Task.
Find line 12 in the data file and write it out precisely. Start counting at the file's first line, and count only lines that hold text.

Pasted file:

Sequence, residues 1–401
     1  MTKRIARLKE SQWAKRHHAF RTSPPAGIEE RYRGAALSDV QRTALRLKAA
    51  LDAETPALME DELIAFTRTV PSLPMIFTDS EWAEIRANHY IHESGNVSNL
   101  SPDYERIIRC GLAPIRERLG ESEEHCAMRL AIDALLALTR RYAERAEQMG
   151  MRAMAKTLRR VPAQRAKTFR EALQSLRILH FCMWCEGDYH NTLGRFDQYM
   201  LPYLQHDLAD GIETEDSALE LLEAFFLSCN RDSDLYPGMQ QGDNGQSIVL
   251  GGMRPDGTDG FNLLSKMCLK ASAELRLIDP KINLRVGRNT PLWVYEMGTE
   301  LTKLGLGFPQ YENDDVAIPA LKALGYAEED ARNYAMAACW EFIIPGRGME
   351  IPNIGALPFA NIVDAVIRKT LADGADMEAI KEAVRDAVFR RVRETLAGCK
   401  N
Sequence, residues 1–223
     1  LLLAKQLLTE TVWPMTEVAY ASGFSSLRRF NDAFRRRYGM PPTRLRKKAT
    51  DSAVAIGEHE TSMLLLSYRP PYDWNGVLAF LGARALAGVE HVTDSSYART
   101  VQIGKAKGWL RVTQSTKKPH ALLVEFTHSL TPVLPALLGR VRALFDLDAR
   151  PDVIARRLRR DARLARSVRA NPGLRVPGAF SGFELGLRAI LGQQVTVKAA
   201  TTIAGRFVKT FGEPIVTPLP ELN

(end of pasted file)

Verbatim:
     1  LLLAKQLLTE TVWPMTEVAY ASGFSSLRRF NDAFRRRYGM PPTRLRKKAT